Kathy Fish ~ The Once Mighty Fergusons

One rocked him­self to sleep every night, bang­ing his head against the wall. One who’d been beat­en for clog­ging the toi­let, took to shit­ting behind the garage. The youngest one had night ter­rors. Once he dreamed he was being chased and tore through the snow in his bare feet to the neigh­bors’ and broke a win­dow with his fist. They all wet the bed. They suf­fered all the com­mu­ni­ca­ble dis­eases, these broth­ers. Chicken pox, German measles, con­junc­tivi­tis, impeti­go, foot and mouth dis­ease. Their skin raged with open sores that crust­ed over their nos­trils, the cor­ners of their mouths, behind their ears, the ten­der skin behind their knees and in the crooks of their elbows. They picked at the scabs until they bled and ran with pus.

In sum­mer they wore only cut-offs, except for Sunday mass when they were made to wear long pants and starched cot­ton shirts and suf­fo­cat­ing ties. Their moth­er pitied the oth­er moth­ers with their gag­gles of chil­dren with blotched skin, short stature, and unfor­tu­nate teeth. They sub­sist­ed on grape Kool-Aid and gov­ern­ment cheese and gov­ern­ment peanut but­ter, pud­dled with oil. And in the evenings they ate mounds of mashed pota­toes and fried chick­en and canned green beans. They hunt­ed for night crawlers, lift­ed them squirm­ing into a Folger’s can full of dirt. Fished the Shell Rock River. The old­er ones brought home girls who stood quak­ing in the door­way. One came home from col­lege with long hair and plas­tic beads around his neck. He walked around the house naked and put ice cubes in his milk. He kept pot in his dress­er draw­ers and gave some to the younger ones.

When their moth­er was bedrid­den, the younger ones brought her limp dan­de­lions in jel­ly jar vas­es. Blackbirds got into the house through the attic win­dow that nev­er closed right. They swooped through the house in a pan­ic, hurl­ing them­selves against the walls and win­dows. Mice came up from the base­ment, skit­tered under the kitchen sink, nest­ed in the clos­ets and the boys hunt­ed them and dan­gled them by their tails over the open flame of the stove. Gypsy moths ate holes in the win­ter sweaters and coats their moth­er kept in a bar­rel until the first freeze laced the grass. They warred with the oth­er fam­i­lies in the neigh­bor­hood, fir­ing rocks at each oth­er across the alley­way. They prac­ticed wrestling holds in the liv­ing room, wear­ing the car­pet thin as paper. The old­er ones hid six-packs under the porch. Nights, they took turns sit­ting in the chair next to their moth­er’s bed.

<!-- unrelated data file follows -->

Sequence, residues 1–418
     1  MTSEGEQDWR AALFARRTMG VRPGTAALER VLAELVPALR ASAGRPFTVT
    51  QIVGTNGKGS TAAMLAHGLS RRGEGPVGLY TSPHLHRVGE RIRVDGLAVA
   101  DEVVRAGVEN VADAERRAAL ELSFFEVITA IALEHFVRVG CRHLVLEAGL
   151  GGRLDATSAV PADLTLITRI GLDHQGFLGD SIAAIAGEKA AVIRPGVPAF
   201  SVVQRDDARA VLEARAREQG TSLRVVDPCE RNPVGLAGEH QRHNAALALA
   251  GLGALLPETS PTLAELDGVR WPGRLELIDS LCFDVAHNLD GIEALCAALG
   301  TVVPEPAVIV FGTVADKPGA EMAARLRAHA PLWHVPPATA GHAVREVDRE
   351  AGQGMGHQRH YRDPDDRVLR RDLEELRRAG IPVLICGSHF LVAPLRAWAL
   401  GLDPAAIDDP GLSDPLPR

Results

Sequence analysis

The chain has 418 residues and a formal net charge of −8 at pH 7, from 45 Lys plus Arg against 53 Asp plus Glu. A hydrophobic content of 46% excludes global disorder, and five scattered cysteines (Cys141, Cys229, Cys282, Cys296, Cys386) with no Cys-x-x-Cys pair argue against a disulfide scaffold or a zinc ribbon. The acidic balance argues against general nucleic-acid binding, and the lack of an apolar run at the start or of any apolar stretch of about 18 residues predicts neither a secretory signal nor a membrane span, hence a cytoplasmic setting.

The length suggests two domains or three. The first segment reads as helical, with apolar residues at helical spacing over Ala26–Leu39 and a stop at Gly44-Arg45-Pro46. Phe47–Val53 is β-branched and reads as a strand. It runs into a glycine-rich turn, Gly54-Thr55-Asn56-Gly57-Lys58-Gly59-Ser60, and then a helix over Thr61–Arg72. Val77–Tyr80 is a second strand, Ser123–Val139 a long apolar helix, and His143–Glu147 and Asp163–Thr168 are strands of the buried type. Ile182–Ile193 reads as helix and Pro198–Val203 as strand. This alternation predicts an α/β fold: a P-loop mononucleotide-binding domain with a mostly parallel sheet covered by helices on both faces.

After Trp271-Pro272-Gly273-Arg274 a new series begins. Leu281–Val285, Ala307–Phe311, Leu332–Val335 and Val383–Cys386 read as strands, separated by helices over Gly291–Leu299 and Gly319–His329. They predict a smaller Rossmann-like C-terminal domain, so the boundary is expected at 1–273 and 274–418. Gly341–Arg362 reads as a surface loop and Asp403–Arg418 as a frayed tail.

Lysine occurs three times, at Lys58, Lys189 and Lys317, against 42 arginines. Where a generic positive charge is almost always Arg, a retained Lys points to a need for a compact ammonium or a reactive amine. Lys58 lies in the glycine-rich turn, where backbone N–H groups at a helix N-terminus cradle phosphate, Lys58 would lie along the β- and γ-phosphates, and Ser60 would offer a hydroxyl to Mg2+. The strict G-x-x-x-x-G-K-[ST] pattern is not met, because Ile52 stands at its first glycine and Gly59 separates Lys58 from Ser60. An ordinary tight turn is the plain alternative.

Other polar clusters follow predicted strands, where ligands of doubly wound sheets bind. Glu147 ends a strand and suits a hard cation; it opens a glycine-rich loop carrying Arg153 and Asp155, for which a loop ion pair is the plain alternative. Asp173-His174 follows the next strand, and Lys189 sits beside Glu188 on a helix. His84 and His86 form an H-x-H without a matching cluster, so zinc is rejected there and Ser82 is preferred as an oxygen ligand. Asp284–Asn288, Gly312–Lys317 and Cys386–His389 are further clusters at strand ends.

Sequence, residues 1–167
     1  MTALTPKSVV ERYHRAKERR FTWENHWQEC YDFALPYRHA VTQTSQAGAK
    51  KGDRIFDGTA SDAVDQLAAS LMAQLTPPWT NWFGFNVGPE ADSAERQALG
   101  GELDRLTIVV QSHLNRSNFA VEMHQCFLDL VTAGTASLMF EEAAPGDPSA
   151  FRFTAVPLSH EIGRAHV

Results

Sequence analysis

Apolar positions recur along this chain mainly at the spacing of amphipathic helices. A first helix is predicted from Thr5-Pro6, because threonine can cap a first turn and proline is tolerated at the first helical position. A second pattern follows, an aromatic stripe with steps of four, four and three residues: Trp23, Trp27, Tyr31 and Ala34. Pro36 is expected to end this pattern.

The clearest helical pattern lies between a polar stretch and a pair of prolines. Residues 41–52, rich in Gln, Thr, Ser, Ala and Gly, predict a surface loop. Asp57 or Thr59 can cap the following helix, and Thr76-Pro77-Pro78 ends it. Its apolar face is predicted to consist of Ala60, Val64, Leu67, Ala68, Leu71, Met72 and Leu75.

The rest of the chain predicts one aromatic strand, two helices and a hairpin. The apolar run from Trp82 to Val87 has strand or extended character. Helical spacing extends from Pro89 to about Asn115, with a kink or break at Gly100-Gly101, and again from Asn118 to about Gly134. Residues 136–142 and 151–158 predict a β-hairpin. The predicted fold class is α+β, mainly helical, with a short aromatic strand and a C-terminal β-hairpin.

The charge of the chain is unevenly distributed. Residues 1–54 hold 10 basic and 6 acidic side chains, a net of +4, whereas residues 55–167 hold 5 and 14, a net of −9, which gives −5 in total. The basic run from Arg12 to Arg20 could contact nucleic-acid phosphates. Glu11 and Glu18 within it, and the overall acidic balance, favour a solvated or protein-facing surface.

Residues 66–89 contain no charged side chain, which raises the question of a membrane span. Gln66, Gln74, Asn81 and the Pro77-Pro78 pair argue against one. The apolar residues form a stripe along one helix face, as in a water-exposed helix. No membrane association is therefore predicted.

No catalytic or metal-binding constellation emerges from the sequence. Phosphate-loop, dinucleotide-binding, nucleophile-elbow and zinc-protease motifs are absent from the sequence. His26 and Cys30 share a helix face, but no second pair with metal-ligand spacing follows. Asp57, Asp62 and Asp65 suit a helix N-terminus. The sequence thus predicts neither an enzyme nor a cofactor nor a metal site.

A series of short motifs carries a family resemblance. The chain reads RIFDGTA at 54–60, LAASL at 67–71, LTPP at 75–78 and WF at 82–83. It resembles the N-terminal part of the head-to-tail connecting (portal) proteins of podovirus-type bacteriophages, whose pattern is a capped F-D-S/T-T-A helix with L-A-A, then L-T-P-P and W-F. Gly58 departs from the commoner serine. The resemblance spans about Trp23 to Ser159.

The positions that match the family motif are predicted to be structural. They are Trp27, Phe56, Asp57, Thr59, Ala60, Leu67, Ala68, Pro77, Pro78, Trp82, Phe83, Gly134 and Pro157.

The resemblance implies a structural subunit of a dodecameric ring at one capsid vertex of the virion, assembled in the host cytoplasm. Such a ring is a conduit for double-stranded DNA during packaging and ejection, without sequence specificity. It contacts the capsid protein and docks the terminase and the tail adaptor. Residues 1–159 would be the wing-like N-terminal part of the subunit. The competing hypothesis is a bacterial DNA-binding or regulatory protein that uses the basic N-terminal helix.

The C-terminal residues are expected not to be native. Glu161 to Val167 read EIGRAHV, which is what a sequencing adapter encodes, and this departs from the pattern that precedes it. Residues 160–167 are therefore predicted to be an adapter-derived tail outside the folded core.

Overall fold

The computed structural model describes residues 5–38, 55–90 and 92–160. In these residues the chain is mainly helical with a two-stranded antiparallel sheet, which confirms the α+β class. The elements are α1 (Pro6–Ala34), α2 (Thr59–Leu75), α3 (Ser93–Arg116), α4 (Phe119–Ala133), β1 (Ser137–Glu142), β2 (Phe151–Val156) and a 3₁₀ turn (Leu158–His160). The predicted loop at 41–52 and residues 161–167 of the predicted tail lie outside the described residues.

Sometimes they were tak­en down to the tool bench in the base­ment and were made to hold out their palms or take down their shorts. If you mess with the bull you get the horn. One began steal­ing orange traf­fic cones and he marched them from the front door through the liv­ing room and din­ing room up the steep stair­case past the play­room on the land­ing and up the attic stairs. He stole a car once and drove it five blocks and rammed into a fence but was nev­er caught. Another one stole a jock strap from a sport­ing goods store. Another one drank him­self to death. Another one broke his neck div­ing from a tree whose branch­es arched over the reser­voir. Another one played foot­ball for the Air Force Academy. His pho­to made the front page of the local news­pa­per. One night he laced up his com­bat boots and ran in the moon­light in his skivvies, keep­ing low and duck­ing behind sage brush as he’d been taught.

They wait­ed for the long, low sigh of the shift whis­tle. They wait­ed for their moth­er to give them a wedge of raw pota­to and sprin­kle it with salt. They wait­ed to see their father, cross­ing the Mullan Avenue bridge swing­ing his lunch pail. There was the time he took them to the dri­ve-in with a cool­er full of Strawberry Crush and Snickers bars and the sub­ma­rine sand­wich­es from K‑mart wrapped in plas­tic. And the youngest got out and puked under the screen, under the giant Annette Funicello in her biki­ni. Sometimes all it took was to take them down into the base­ment and stand them before his tool bench. Now there are only four in their tribe. They have gone sil­ver-haired and pot-bel­lied and wist­ful. Remember the sound of Mom’s radio in the morn­ings? Remember sleep­ing out­side in the rain? Remember the Shell Rock River so thick with wall­eye you could walk on it? Remember? Once he bought them all used bikes in red and black and green. Big ugly Schwinns, steel-framed and stur­dy as tanks, and they rode them all the way to Janesville and back. Once they made a plan to run away for­ev­er. Once their father spread his hands and said alone, each of you is only a fin­ger, but togeth­er you make a fist.


Kathy Fish teach­es for the Mile High MFA pro­gram at Regis University. She has pub­lished four col­lec­tions of short fic­tion: a chap­book in the Rose Metal Press col­lec­tive, A Peculiar Feeling of Restlessness: Four Chapbooks of Short Short Fiction by Four Women (2008); Wild Life (Matter Press, 2011); Together We Can Bury It (The Lit Pub, 2012); and Rift, co-authored with Robert Vaughan (Unknown Press, 2015). Her sto­ry, “Strong Tongue,” was cho­sen by Amy Hempel for inclu­sion in Best Small Fictions 2017 (Braddock Avenue Books). She blogs at Kathy Fish.